China’s ghost cities

The Burning Platform has published an interesting piece about China.  I kind of take a lot of this with a grain of salt, but the facts remain that they did build these cities, and they are working on the requirements for making their currency usable for trade globally:

The yuan, in both its on-shore and off-shore variations, has also been called the redback, drawing on the nickname of the USD, and it’s civil war version, the greenback. For years the redback has maintained a managed currency peg with the USD. This exchange rate regime has been managed by the Chinese government and the People’s Bank of China at an undervalued false exchange rate.

Over the last 5 years the redback has become more widely used for global payments, financial investments, and reserve management. The large amount of Bilateral Swap Agreements, BSA’s, and broader acceptance, has not yet been priced into the valuation. Nor has the growing status of the Chinese economy itself. Read more in the post Renminbi Is Already A De Facto Reserve Currency.

One of the main reasons for the internationalization of the RMB is directly related to the multilateral supra-sovereign reserve asset called the Special Drawing Right. The SDR is the unit of account used by the International Monetary Fund and is being re-worked as the global reserve unit of account which will replace the USD in the coming months and years.

The SDR basket is currently based on the valuations of the USD, the yen, pound, and euro. Every 5 years the basket is adjusted and currencies are included or removed. This the year the basket will again be adjusted and the redback will be added.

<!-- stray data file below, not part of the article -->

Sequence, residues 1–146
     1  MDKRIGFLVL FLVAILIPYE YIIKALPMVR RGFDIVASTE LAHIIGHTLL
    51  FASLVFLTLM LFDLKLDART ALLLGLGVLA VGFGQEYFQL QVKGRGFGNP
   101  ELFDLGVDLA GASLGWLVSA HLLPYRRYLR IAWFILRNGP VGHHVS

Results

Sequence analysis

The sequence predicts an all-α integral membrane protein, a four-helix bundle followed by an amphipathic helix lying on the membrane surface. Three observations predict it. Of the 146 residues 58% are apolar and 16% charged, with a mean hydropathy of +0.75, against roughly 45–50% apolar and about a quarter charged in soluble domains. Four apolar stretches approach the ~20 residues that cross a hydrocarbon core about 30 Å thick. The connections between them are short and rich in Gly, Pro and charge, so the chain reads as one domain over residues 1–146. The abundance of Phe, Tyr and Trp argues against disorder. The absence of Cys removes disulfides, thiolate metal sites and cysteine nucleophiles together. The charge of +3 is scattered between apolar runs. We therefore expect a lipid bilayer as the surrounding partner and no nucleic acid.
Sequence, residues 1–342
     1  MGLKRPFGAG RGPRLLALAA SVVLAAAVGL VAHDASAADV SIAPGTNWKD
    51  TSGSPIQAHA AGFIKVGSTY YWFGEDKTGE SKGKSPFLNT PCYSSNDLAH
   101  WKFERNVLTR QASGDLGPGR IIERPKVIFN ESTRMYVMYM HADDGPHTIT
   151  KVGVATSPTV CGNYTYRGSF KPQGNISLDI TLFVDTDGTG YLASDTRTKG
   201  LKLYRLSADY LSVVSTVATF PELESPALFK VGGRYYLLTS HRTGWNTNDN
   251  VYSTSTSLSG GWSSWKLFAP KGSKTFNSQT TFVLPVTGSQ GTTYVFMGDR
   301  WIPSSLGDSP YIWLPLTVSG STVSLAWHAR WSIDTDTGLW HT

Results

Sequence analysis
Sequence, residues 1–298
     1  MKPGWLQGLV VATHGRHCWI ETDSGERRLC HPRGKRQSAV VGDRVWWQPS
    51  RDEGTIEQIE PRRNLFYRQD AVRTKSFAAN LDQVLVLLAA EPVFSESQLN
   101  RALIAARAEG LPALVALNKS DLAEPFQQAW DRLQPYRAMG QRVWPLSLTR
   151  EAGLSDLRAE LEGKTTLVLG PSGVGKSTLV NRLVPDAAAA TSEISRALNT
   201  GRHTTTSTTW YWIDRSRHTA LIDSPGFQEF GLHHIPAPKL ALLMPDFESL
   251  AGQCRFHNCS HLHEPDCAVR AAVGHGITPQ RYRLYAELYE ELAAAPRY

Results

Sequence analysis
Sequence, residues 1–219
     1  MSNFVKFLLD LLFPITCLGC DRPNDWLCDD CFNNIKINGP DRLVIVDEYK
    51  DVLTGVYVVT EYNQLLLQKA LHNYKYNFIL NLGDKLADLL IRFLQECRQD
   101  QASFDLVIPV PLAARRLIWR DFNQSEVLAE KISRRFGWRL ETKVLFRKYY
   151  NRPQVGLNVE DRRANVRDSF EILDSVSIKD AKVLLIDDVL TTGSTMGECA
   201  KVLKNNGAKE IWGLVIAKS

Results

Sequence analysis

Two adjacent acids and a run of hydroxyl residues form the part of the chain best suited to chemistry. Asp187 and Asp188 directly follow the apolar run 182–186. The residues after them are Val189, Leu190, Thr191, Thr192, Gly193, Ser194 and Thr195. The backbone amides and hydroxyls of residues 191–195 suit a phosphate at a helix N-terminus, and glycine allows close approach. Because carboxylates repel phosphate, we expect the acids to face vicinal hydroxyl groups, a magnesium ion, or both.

There are a number of reasons supporting this measure, but none more so than the need for stability in global liquidity. The growing sovereign debt crisis which is spreading from country to country will require large scale debt restructuring on a level that no one economy or domestic currency can handle effectively and efficiently.

The optimization of sovereign debt restructuring will take place through multiple methods, such as the SDRM process of the IMF, or Sovereign Debt Restructuring Mechanism. Other methods will be CAC’s, or Collective Actions Clauses. The CAC process will be initially, and primarily, used as a method of incorporating into the issuance of RMB bonds – which will be used in a broader array of debt instruments and bank loans – the methods to address the sovereign debt issue. This process will be used in Greece and the Eurozone as the multilateral develops further into its broader global framework. See post BRICS SDR to Bailout Eurozone.

The RMB CAC and BSA dual machinations will build upward towards the SDRM and the utilization of SDR denominated bonds to address global liquidity concerns. These bonds will be issued through the BRICS Development Bank and other financial institutions as the process is expanded internationally.